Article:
Thailand’s electoral system may be struggling to keep up with its demographic transition. I recently received the following message from a friend in Bangkok.

This upcoming referendum is another important event of Thai politics. I have just registered my name at the Jatujak district, Bangkok, to have a right to cast my vote on the referendum as my name is in a census record in Chiang Mai. The registration requires a number of legal/official documents such as a copy of ID, a copy of census record, and a letter of reference. This process automatically limits the numbers of people who can make their votes. I am thinking of the numbers of workers in Bangkok whose names are in census records in other provinces. There are very many of them.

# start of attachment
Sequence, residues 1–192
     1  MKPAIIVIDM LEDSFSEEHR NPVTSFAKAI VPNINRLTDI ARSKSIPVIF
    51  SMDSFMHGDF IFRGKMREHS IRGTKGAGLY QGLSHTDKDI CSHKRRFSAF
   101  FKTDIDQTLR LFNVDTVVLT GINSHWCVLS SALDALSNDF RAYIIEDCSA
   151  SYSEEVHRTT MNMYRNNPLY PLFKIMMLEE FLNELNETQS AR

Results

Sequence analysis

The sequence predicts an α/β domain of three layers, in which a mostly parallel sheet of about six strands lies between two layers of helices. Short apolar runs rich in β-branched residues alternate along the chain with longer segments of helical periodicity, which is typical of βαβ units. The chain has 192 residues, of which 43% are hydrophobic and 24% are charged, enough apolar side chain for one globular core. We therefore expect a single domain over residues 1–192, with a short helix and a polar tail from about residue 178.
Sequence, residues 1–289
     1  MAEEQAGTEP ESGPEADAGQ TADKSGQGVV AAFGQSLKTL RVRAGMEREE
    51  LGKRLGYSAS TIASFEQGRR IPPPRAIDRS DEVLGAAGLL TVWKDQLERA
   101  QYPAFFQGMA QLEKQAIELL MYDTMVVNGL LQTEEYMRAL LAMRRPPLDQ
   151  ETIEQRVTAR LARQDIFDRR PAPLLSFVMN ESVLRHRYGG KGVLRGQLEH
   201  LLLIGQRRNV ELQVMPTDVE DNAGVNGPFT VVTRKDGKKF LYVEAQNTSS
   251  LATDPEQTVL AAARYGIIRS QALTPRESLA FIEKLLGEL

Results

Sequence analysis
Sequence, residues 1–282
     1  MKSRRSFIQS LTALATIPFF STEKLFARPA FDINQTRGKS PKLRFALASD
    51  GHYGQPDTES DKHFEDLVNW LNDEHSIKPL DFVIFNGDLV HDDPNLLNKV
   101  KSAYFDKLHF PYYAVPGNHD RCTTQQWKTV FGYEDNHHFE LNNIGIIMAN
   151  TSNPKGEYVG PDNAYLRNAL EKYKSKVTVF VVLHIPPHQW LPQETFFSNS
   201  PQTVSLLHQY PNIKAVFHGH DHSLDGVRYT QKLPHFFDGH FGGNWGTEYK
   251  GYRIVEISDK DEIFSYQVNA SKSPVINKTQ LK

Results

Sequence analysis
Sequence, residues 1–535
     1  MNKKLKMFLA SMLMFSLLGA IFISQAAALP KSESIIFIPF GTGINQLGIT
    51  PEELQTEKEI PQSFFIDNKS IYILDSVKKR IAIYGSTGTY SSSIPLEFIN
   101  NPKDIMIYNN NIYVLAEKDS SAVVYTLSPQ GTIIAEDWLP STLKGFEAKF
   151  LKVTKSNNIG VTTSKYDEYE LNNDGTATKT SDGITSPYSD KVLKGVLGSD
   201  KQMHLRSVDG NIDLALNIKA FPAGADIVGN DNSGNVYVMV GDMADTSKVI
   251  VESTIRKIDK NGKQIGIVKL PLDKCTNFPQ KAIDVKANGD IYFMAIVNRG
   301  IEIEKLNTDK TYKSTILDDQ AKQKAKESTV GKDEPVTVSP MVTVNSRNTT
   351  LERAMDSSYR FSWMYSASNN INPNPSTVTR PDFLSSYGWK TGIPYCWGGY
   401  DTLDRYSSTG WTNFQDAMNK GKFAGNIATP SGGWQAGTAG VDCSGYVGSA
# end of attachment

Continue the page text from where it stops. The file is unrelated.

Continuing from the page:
Here is a copy of the application form that my friend had to complete: form-13.pdf. As bureaucratic procedures go this may not be particularly onerous, but I suspect that many people unable or unwilling to travel home to cast their votes simply don’t bother making an application. Producing a “letter of reference” confirming the current place of residence may be an important disincentive for many potential applicants. And for many the time spent away from work while they lodge the application may also pose a problem.

Why can’t there be a simpler and more accessible “absentee vote” system?